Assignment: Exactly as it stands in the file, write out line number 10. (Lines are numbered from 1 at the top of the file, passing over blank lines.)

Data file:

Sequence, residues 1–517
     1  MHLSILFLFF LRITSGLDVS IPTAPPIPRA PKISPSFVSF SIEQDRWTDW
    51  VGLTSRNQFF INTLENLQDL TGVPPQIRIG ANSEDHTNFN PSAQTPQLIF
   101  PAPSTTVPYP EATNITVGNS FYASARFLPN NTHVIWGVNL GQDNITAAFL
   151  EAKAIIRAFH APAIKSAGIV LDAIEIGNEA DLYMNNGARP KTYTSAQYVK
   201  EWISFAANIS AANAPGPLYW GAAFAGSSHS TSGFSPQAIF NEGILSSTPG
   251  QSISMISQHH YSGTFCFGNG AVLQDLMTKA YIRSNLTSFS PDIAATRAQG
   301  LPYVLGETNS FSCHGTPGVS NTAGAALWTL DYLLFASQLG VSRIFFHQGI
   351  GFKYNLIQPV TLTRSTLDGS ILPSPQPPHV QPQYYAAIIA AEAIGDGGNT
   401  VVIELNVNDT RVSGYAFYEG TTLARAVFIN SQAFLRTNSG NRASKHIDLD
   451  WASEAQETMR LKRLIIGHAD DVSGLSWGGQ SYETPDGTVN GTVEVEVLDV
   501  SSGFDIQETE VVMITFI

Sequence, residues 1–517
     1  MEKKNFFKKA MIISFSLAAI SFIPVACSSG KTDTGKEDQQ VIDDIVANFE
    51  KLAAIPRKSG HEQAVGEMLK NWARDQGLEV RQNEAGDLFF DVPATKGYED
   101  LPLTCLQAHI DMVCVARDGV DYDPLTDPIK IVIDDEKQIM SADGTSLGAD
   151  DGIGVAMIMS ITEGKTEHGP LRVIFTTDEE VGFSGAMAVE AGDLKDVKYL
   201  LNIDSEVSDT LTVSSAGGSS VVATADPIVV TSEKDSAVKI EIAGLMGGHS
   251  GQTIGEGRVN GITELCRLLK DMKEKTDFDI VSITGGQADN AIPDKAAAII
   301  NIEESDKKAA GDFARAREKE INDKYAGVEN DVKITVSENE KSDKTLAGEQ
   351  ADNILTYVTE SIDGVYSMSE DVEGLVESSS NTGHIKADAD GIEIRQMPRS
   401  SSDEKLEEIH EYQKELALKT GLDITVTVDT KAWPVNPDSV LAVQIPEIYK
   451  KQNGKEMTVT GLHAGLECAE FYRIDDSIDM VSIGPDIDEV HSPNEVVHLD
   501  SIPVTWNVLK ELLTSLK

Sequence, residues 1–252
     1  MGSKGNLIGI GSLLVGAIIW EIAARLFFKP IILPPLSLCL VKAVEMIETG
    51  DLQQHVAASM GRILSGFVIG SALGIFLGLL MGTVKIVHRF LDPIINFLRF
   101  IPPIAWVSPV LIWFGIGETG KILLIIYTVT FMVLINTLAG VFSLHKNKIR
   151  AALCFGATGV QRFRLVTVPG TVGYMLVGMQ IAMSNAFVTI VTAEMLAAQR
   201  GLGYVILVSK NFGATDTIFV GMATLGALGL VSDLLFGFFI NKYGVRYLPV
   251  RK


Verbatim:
   401  VVIELNVNDT RVSGYAFYEG TTLARAVFIN SQAFLRTNSG NRASKHIDLD